Wuliangye, China’s number one selling spirit launched in Sydney at a spectacular event held at the Star. VIPs and media were treated to a gala black tie evening with cocktails and canapés on arrival, a three course dinner interspersed with violinists, presentations and entertainment including drummers and lion dancers, an opera singer, tango dancers and rappers on stage.
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Wuliangye Tasting Notes
Wuliangye (WU = five, LIANG = grain, YE = liquor) is a luxury white spirit from China made from a blend of five organic ingredients, broomcorn, glutinous rice, rice, wheat and corn delivering a unique aroma and taste. The spirit was originally created during the Ming Dynasty (1368-1644) using Yibin’s local spring, the purest water sourced from the Sichuan province. Wuliangye is distilled in a subtropical climate with year round average temperatures of 18oC and 85% humidity.
Wuliangye (52% ABV) is crystal clear in colour and markedly viscous in the glass, with small beads forming above the rim. On the nose, it is highly pungent with a marked nose burn indicative of its high ABV. Once accustomed to the nose prickle, fruity and estery aromas emerge. On the palate, there is marked fruitiness mainly pineapple notes, liquorice, with savoury elements, soy sauce and a distinct dryness. The finish is very dry, long and lingering with alcohol burn.
China’s number one selling spirit is a luxury product and comes in a 500 ml bottle with anti-counterfeiting technology on its packaging, much like what is done with paper currency.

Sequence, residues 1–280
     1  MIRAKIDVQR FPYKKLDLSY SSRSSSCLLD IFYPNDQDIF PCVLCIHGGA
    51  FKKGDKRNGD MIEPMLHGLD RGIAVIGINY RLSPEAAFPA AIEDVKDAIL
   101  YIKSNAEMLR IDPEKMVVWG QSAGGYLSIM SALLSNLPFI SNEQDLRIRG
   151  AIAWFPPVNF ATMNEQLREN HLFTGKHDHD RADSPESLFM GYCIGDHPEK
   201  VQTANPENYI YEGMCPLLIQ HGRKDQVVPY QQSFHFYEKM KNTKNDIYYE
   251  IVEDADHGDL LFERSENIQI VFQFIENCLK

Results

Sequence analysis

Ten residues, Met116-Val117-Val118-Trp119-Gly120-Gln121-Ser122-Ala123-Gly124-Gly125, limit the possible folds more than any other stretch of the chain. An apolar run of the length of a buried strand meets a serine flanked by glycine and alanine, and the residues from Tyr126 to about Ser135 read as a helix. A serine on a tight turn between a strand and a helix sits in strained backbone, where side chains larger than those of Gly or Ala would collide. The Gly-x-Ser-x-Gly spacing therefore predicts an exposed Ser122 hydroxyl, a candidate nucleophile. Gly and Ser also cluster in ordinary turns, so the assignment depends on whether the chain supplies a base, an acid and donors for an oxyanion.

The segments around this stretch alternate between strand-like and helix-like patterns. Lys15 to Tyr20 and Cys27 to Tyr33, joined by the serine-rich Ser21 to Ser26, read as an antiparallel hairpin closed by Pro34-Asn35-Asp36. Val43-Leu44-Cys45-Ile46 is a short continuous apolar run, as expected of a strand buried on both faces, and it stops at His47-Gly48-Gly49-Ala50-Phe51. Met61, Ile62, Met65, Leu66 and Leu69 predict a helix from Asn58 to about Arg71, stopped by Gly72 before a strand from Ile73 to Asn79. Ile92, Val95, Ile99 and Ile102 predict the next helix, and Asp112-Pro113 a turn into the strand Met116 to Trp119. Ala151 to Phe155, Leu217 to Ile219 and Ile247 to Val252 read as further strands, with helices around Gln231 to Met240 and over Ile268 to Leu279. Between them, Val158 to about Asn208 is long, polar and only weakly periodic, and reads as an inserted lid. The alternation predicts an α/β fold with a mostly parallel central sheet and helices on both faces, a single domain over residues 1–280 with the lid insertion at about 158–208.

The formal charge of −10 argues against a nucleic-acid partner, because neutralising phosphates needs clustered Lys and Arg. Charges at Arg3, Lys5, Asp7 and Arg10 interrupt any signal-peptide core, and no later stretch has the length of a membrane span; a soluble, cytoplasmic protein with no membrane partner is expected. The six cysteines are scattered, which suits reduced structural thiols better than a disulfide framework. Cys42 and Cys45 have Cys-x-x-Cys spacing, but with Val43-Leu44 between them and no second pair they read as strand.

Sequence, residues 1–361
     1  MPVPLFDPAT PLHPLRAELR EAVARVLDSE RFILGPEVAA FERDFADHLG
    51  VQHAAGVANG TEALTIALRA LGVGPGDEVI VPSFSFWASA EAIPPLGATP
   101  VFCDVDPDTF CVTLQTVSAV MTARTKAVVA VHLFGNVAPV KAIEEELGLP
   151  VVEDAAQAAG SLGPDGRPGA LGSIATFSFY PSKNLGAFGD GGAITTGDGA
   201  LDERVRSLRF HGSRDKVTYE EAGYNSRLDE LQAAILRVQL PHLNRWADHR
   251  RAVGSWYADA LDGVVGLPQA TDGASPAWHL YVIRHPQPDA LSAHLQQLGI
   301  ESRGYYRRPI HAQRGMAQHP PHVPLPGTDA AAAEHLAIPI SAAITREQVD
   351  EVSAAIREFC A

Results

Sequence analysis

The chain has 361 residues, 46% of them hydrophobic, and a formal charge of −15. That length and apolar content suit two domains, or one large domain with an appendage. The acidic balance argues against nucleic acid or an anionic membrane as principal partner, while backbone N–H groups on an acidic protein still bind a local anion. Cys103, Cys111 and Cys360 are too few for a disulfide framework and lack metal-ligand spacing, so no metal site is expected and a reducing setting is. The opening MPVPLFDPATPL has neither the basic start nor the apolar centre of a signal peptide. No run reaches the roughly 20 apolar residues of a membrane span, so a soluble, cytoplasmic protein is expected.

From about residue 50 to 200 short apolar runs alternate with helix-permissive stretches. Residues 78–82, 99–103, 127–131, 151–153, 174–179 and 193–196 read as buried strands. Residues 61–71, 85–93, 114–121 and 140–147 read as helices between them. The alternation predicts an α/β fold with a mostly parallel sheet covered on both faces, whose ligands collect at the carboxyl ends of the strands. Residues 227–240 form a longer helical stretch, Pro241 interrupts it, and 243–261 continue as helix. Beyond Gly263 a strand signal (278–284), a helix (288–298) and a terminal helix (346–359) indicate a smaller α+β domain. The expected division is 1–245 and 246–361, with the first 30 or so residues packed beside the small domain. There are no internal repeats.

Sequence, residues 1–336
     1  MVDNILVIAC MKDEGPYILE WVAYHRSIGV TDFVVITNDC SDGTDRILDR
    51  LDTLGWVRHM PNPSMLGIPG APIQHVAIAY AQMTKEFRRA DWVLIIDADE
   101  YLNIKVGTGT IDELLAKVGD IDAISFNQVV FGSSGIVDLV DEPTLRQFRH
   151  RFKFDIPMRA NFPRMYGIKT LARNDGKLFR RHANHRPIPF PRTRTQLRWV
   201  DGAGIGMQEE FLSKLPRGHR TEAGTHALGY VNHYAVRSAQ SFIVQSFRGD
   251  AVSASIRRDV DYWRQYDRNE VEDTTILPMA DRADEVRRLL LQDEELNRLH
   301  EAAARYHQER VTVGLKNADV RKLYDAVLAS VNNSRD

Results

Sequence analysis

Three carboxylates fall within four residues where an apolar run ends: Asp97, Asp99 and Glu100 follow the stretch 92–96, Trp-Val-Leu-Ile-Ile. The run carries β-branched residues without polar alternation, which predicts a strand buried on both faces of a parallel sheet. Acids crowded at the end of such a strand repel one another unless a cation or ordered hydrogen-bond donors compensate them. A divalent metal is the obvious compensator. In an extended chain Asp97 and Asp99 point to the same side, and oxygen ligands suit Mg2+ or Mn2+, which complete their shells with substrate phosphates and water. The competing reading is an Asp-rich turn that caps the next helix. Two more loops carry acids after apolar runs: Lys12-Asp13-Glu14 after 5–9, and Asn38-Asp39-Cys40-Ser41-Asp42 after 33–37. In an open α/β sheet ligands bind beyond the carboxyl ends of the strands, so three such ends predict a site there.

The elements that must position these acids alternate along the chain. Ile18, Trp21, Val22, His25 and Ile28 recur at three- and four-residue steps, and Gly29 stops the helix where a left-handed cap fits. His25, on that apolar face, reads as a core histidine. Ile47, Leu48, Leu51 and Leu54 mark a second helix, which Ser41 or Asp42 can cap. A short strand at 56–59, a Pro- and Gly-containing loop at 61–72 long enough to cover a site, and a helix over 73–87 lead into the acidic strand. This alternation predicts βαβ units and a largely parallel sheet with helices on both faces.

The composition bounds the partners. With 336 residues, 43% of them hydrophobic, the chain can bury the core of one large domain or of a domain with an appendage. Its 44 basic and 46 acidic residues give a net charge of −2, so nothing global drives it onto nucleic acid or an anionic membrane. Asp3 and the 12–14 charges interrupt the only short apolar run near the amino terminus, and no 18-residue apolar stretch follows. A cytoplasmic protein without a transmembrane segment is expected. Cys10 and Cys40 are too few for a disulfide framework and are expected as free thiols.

Just like Moutai, China’s other luxury white spirit, Wuliangye is enjoyed by the elite who sip it neat or enjoy it with food. While it may be challenging to the unaccustomed western palate, it is well worth trying in cocktails and with food.
Three cocktails featuring Wuliangye were served on arrival. Created by bartender Alex Dickson of the newly-open Raven’s Eye bar in Newtown, each cocktail highlighted different notes of the spirit without masking its flavour.
Beijing Blush was made with Wuliangye, pineapple juice, lychee juice, 2 dashes of Angostura bitters, shaken and served up in a martini glass garnished with 2 lychees on a skewer. See recipe for Wuliangye Beijing Blush here.
The Five Grain Goddess featured Wuliangye with white crème de cacao, fresh lemon juice, 2 dashes of chocolate bitters, egg white, shaken and served over ice garnished with chopped chocolate and lime wedge.
The Panda’s Paw had Wuliangye, Disaronno, fresh lemon juice, maple syrup, a whole mint sprig, 2 dashes of absinthe, shaken up with the mint, fine strained and served over ice and garnished with a mint sprig.
Wuliangye and Food
The Star’s Executive Chef Uday Huja created an elaborate a three course dinner designed to complement the flavours of Wuliangye.
For the entrées, the Slow Braised Chinese Pork Belly with Abalone and Pickled Radish was based on the pineapple notes of Wuliangye, a pairing that worked very well in cutting through the fatty pork belly as well as the fruity notes of the spirit. The Five Spice Duck Breasts, Daikon Fondant, Scallop Wonton & Star Anise Glaze was based on the warming aspects of Wuliangye and winter with the use of five spice and star anise highlighting the liquorice notes of the spirit.
For the main course, the Steamed Grouper with Carrot Ginger Puree, Surf Clams, Aged Ham Glaze & Dried Scallops was seared then flambéed with Wuliangye while the Grass Fed Beef Fillet, Wok Tossed Wild Mushrooms, Soy Truffle Sauce & Lotus Root was chosen to highlight the luxury elements of a premium beef fillet and truffles, the latter pairing remarkably well with the spirit.
Dessert was a Mango Pudding with Earl Grey Ice Cream & Cinnamon & Carmelita Beignets, picking up on the pineapple flavour profile of Wuliangye.
Wuliangye is distributed by the Ettason Group and comes in a 500ml bottle priced around $200.
Wuliangye’s launch event was held on Friday 3 July 2015 at the Star in Sydney.
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